Magpul, Hi-Vis, and Weatherby made headlines in recent months after moving from less gun-friendly states to Wyoming, but these companies may be the exception rather than the rule.
A new breakdown from HowMuch.net indicates that a state’s pro-gun policies do not always translate to a more robust gun industry. HowMuch.net analyzed job totals and average wages from data collected from the National Shooting Sports Foundation’s Firearms and Ammunition Industry Economic Impact Report from 2017 to get a snapshot of the size of the industry in each state.
They found that while pro-gun states like Texas ($8.83B) boast a large firearms industry that employs thousands of people, states with stricter firearms regulations like California ($3.64B), Minnesota ($2.43B), Illinois ($2.18B), and Massachusetts ($1.86B) also incorporate relatively large gun industries.
On the other end of the spectrum, Hawaii ($39M), Delaware ($40M), Rhode Island ($97M), and Vermont ($0.1B) employ only a small number of gun makers and sellers, but the same can be said for New Mexico ($0.13B), Nevada ($0.4B) and Oklahoma ($0.51B).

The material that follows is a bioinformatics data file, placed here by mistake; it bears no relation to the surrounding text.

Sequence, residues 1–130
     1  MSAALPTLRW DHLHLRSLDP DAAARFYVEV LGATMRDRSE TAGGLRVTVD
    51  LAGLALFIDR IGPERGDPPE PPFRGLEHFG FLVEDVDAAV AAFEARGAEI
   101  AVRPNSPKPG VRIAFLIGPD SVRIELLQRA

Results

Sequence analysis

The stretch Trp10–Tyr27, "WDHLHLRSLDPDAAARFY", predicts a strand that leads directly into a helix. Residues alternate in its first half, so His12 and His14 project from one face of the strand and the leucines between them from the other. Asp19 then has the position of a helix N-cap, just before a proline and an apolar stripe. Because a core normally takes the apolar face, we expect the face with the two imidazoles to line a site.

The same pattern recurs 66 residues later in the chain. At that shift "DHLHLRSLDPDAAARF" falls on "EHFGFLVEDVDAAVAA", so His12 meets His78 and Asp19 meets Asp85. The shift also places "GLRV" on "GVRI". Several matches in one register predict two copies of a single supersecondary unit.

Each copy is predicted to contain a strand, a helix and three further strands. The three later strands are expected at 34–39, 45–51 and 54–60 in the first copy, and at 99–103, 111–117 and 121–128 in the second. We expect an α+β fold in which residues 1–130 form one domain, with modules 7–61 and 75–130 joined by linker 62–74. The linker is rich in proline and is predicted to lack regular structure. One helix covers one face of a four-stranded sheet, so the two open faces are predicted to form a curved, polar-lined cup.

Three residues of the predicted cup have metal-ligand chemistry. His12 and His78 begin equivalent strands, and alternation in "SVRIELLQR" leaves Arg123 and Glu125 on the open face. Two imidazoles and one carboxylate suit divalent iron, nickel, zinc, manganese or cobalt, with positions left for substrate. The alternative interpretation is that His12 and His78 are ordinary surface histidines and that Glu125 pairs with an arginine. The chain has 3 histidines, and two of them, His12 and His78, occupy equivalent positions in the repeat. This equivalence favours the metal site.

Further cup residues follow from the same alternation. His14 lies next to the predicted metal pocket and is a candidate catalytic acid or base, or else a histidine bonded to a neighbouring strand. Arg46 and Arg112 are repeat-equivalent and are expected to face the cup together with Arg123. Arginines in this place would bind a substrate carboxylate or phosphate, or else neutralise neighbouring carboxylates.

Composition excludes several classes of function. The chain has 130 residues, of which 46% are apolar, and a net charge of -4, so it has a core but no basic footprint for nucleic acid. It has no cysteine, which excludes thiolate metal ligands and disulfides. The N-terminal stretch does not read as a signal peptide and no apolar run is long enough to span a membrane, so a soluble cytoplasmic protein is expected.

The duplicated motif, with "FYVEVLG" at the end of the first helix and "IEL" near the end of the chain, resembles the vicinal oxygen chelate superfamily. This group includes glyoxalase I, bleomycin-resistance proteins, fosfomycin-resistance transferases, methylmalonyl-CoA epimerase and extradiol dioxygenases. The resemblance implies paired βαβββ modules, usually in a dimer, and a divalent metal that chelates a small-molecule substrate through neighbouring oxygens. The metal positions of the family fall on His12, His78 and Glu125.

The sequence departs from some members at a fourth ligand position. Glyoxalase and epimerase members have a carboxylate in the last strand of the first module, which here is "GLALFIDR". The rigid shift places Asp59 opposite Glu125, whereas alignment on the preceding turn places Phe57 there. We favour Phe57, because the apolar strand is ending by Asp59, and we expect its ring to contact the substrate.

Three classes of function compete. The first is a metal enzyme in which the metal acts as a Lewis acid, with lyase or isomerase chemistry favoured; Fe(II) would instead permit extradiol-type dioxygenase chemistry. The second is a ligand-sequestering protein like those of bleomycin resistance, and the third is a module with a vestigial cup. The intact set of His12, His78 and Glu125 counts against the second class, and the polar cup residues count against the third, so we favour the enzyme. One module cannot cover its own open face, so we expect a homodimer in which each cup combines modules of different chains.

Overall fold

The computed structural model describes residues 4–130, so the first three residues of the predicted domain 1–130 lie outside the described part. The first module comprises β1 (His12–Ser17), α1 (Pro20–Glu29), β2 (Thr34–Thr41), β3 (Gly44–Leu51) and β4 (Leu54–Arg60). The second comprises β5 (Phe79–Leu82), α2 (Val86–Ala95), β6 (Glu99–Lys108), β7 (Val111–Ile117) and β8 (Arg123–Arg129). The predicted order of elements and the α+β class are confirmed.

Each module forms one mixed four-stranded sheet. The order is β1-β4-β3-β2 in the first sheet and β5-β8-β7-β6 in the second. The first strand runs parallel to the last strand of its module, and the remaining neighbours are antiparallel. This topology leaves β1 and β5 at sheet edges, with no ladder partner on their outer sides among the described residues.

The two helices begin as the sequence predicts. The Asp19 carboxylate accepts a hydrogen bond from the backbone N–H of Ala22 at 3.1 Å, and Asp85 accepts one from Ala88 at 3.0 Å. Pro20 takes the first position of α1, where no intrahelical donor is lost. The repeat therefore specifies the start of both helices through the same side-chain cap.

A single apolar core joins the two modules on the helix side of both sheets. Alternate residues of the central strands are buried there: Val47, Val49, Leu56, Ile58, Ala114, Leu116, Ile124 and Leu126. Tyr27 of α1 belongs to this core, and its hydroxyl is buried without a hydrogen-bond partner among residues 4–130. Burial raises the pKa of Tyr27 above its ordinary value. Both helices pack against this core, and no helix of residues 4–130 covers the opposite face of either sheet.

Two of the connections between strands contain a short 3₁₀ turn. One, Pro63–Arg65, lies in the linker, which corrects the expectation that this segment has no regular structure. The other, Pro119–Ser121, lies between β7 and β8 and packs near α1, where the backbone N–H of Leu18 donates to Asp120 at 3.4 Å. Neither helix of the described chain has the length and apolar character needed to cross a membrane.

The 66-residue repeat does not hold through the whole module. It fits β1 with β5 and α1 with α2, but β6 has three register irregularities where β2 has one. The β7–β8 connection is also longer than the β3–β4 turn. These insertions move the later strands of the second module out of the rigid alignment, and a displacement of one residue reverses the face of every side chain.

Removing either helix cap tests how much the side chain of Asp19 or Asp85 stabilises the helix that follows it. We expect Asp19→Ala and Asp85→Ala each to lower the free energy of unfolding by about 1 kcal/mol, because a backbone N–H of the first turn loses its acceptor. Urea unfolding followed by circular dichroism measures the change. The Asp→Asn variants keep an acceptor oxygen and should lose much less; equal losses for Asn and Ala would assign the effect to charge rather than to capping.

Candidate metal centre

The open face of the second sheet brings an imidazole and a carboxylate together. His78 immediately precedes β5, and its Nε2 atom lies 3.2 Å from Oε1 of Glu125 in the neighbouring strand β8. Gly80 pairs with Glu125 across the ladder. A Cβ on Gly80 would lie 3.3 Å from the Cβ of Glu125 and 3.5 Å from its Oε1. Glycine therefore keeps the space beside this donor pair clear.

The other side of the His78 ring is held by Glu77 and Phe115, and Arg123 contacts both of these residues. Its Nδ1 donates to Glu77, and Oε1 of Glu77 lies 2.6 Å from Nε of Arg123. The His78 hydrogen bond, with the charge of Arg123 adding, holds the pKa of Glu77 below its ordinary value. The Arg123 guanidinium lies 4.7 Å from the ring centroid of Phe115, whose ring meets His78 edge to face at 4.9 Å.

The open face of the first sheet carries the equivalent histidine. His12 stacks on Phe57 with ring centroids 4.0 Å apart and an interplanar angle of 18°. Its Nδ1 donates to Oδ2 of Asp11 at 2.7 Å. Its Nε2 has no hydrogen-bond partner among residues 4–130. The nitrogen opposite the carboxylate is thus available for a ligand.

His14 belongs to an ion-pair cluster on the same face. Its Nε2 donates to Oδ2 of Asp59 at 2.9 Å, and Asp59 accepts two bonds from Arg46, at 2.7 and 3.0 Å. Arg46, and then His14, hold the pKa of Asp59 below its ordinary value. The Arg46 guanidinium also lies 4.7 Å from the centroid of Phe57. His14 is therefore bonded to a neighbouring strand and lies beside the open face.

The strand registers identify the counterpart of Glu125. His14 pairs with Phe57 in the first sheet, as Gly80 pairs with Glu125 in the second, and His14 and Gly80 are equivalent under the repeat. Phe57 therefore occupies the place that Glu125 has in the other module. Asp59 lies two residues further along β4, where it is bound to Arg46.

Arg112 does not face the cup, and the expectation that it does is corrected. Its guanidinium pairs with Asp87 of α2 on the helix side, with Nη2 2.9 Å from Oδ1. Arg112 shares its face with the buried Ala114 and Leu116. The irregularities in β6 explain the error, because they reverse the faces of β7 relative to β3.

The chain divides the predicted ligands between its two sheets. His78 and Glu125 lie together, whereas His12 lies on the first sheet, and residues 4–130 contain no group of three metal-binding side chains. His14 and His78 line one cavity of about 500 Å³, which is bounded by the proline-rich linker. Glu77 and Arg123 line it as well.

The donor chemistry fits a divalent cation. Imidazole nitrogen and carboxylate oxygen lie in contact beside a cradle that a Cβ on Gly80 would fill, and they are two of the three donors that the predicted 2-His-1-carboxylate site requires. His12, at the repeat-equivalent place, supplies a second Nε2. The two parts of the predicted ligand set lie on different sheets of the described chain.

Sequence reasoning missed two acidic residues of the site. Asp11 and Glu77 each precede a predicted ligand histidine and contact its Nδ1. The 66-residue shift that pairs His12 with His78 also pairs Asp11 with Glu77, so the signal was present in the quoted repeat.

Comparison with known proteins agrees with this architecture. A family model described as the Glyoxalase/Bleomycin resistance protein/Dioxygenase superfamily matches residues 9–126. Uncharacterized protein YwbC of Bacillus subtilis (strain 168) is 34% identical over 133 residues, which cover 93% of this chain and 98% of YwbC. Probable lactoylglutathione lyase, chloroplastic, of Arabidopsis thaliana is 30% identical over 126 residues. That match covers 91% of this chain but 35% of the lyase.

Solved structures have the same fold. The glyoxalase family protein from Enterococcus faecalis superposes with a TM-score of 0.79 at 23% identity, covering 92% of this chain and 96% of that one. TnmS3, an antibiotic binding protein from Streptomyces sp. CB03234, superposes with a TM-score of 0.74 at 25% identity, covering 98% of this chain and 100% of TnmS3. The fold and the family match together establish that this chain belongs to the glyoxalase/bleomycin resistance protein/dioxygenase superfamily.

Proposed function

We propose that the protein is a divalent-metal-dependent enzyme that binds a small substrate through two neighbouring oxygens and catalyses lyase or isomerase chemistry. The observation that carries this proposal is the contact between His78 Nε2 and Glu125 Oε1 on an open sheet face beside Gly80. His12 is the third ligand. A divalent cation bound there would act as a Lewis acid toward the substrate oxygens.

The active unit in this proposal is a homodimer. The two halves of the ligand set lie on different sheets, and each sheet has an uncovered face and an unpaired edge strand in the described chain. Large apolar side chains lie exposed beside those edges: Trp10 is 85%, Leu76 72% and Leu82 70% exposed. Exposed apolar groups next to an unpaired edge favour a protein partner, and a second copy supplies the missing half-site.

Here are the top-ten states:
- Texas: $3.83B and 23,070 jobs
- California: $3.64B and 20,610 jobs
- Minnesota: $2.43B and 11,650 jobs
- Florida: $2.39B and 14,850 jobs
- Illinois: $2.18B and 10,681 jobs
- North Carolina: $1.98B and 11,427 jobs
- Pennsylvania: $1.94B and 12,436 jobs
- Massachusetts: $1.86B and 7,116 jobs
- New York: $1.84B and 8020 jobs
- Ohio: $1.61B and 11,772 jobs
The weakness with this analysis, of course, is that it does not correct for population size. California employs a huge number people in the firearms industry because a huge number of people live in the Golden State.
Take Massachusetts and Oklahoma, for example. The size of the gun industry in Massachusetts is surprising as compared to the Sooner State, but approximately 6.9 million people live in Massachusetts while only 3.9 million people live in Oklahoma. The firearms industry doesn’t exactly correspond to population size—Massachusetts’ industry is three times larger than Oklahoma’s with only double the population—but adjusting for the number of residents in each state would make the data clearer.
Still, given Slide Fire’s recent forced shut down, it is notable that gun makers can survive at all in states like New York, California, and Massachusetts. Attacking firearm makers and sellers is one of the most common anti-gun tactics, but some companies still manage to scrape by despite increasing regulations and public hostility.
It will be interesting to see how many can hang on before following Weatherby’s lead.